“Honey, what’s for dinner?”

whats for dinner

After the birth of my daughter, I adopted a one-word mantra for whenever I was feeling frazzled:



Simplify.  Simplify.  Simplify.

One significant way I have simplified my daily life is with the banishment of that age old question, “Honey, what’s for dinner?”

Planning, shopping for and preparing meals for my family became exponentially harder after Matilda was born.  For the first year of her life, I was a full-time Stay-At-Home-Mom but I still found it difficult to put food on the table every evening that was healthy and of interest to my husband.  (In all fairness to Jim, I overstepped a little with meals like “curried chicken and wheatberry salad” and “calabacitas with poached eggs” especially for a man who is perfectly content living on meat & potatoes.)  When I sat down and looked at the stress I was feeling surrounding cooking for my family (a task I had always loved) I realized that the source of my anxiety was figuring out what to make every week.  The solution to this problem presented itself in a conversation with my mother.

My mom, Rose, grew up in Queens with nine siblings, a menagerie of animals, and two working parents.  Growing up, meals were based on what day of the week it was, and they never changed: Roast Beef on Sunday, Spaghetti and Meatballs on Monday, Fish Sticks on Friday, etc.

I knew that having the exact same food every week would not work for me, but the idea of narrowing things down and making planning a bit easier with broader meal categories was very appealing.  So, we developed the following menu:

“Sunday Dinner”–a meal that takes a bit longer to prepare (chili or a nice ragout) and usually centers around meat.

“Pasta Monday” –putting this fast, easy meal at the beginning of the week helps to make Mondays a bit more manageable.

“Leftover Tuesday”–pretty self-explanatory. 🙂

“Wild Card Wednesday” –the one day every week that my husband and I are both consistently off from work; this usually translates to a date night and at the very least take-out.

“Homemade Soup Thursday” –I only work until 2pm on Thursdays, which gives me plenty of time to make our weekly soup and the leftovers provide us with a nice, hot lunch for the following days.

“Fish for Friday”–closing the work week with another fast, easy meal helps to keep the beginning of the weekend nice and relaxing.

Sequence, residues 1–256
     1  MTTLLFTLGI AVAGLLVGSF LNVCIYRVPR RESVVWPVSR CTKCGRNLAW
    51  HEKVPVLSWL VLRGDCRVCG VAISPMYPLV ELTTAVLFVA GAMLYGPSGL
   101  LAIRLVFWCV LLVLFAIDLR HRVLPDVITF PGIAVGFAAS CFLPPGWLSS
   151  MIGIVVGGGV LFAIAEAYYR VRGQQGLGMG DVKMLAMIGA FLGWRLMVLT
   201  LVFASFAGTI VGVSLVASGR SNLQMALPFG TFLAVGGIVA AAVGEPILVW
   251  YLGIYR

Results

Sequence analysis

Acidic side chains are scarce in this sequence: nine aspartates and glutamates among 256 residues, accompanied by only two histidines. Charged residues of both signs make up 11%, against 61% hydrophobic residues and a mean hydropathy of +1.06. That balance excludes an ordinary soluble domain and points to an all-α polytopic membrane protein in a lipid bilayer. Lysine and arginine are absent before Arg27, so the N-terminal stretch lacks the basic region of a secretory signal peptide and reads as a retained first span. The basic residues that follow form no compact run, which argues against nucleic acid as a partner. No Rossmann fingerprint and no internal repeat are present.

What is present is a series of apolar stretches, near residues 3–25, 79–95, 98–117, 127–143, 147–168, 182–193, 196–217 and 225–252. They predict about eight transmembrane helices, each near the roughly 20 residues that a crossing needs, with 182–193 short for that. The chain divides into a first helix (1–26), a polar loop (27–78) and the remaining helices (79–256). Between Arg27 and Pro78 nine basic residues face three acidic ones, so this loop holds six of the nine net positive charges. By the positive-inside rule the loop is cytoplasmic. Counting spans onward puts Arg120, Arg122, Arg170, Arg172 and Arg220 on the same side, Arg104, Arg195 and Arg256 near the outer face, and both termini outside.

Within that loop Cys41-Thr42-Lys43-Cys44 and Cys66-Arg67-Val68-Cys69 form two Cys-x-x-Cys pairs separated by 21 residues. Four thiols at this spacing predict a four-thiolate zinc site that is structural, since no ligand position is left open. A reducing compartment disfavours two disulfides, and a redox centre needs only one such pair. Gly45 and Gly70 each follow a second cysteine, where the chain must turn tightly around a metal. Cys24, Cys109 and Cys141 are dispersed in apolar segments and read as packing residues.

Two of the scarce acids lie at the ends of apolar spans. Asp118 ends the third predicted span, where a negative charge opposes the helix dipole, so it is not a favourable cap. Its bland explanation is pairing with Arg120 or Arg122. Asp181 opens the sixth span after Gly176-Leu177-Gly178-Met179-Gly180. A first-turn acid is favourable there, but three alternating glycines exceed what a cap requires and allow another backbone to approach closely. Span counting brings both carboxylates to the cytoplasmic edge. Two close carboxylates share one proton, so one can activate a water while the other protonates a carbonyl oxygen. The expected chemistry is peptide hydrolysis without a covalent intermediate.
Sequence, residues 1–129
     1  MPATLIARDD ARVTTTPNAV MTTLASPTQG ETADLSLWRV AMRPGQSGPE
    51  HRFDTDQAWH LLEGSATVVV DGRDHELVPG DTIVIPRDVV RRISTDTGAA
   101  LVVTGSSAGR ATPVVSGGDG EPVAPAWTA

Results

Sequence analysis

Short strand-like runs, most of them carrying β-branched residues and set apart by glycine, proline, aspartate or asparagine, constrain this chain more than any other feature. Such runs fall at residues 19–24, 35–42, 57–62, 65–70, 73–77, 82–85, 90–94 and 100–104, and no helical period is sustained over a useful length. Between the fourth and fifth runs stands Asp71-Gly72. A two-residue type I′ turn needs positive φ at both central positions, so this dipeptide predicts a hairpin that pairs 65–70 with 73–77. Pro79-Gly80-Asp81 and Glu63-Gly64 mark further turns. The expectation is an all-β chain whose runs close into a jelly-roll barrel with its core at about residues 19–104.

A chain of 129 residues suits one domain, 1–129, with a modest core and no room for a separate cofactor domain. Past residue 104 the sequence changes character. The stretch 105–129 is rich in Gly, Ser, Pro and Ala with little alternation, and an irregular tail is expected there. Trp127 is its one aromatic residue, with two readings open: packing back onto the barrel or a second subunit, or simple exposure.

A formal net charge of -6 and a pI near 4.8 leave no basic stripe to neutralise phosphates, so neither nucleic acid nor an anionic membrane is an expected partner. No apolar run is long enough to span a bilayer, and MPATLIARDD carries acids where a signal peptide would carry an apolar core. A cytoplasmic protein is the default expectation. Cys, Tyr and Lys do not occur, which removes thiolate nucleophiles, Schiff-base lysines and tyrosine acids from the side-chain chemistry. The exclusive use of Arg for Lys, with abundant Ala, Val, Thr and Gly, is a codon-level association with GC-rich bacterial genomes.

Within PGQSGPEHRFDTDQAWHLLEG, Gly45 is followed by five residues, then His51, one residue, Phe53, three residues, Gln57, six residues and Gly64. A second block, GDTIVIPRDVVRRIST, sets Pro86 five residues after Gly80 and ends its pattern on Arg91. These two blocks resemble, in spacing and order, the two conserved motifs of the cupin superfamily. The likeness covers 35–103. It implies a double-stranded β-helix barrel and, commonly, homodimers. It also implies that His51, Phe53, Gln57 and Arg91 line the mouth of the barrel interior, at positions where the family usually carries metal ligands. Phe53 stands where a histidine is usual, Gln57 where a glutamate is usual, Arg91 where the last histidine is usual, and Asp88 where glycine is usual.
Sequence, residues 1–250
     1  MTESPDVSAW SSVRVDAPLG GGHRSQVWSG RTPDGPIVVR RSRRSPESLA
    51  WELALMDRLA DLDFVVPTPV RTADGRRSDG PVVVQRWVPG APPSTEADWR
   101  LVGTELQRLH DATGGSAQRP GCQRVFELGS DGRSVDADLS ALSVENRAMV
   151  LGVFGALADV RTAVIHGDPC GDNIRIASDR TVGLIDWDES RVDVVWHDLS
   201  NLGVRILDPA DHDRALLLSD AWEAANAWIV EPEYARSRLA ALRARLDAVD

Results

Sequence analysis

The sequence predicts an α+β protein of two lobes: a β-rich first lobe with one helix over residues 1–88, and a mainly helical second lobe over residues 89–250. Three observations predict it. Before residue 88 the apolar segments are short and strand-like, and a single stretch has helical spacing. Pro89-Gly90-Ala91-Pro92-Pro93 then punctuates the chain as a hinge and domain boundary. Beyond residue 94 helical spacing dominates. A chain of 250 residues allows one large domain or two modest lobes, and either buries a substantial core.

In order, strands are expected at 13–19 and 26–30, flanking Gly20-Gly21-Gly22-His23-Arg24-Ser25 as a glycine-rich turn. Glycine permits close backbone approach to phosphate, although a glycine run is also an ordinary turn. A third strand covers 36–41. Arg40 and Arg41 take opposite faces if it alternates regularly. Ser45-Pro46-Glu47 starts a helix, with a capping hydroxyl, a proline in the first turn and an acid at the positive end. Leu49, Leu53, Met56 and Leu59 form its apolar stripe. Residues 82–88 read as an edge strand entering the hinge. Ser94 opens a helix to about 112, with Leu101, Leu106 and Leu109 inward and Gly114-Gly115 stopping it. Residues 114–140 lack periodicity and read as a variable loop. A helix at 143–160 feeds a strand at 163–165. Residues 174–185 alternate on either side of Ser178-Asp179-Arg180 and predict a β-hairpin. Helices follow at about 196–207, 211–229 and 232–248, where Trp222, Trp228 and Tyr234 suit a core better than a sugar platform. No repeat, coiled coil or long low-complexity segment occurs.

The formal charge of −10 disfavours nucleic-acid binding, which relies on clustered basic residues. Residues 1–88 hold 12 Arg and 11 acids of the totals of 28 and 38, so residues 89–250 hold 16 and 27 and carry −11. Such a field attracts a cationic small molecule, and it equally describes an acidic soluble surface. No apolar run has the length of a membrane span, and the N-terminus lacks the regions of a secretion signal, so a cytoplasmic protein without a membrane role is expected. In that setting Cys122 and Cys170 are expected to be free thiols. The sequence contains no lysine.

“Saturday: Jim’s Night” –this is the night where my husband chooses and prepares dinner. Some Saturday night favorites are homemade pizza and tacos.

After my failed attempts at healthy cooking innovation this past summer (can you say, wheatberry salad?), I have adopted a much more basic approach to cooking dinner–I look for recipes that are hearty, comforting and use whole food ingredients. The following are the cookbooks I consult most frequently for delicious family dinners:


Nigella Kitchen: Recipes from the Heart of the Home The tagline of this wonderful, sizable cookbook is “Fabulous feel-good food to make life less complicated and more pleasurable” and that is exactly what you’ll find within its pages. Each flavorful recipe is accompanied by a short essay written in Nigella’s signature style. My favorite meal in this book is Soup Made with Garlic and Love (and Pumpkin Scones)–the soup is warm and simple and the savory pumpkin scones are a perfect complement.


The Barefoot Contessa Cookbook This first cookbook of Ina Garten’s is one of the most well-worn in my kitchen. The recipes are wonderful and use all whole ingredients. The recipe for Perfect Roast Chicken is just that–perfect. An incredibly easy, no-fuss meal that tastes like it took days to make. Serve it with greens, mashed potatoes and biscuits for a lovely Sunday dinner.


The Pioneer Woman Cooks: Food From My Frontier Hearty. That is the word that immediately comes to mind whenever I think of Ree Drummond’s food. Drummond has four kids, is married to a cattle rancher in Oklahoma and writes for the beloved blog The Pioneer Woman. Her Fried Chicken Tacos are one of Jim’s favorite picks for Saturday night and are also a great meal to make for company.


The Minimalist Cooks Dinner Mark Bittman is best known as the author of How to Cook Everything. In this slim, photo-free cookbook he shares over 100 recipes for weeknight meals with LOTS of flavor. I often turn to this cookbook for Pasta Monday and Fish Friday, the Fish Braised with Leeks takes about two minutes to prepare and is delicious!


America’s Test Kitchen: Cooking for Two In my experience, you can’t go wrong with a cookbook from America’s Test Kitchen, this annual title is no exception. I love these cookbooks because of how they scale down recipes, so that hubby and I aren’t drowning in leftovers by Tuesday night. The Shrimp and Grits in the 2009 edition are amazing.

Happy Cooking!

~ Patricia is thrilled to be back at OWL as a part-time librarian and couldn’t be happier about settling down with her family in Litchfield.

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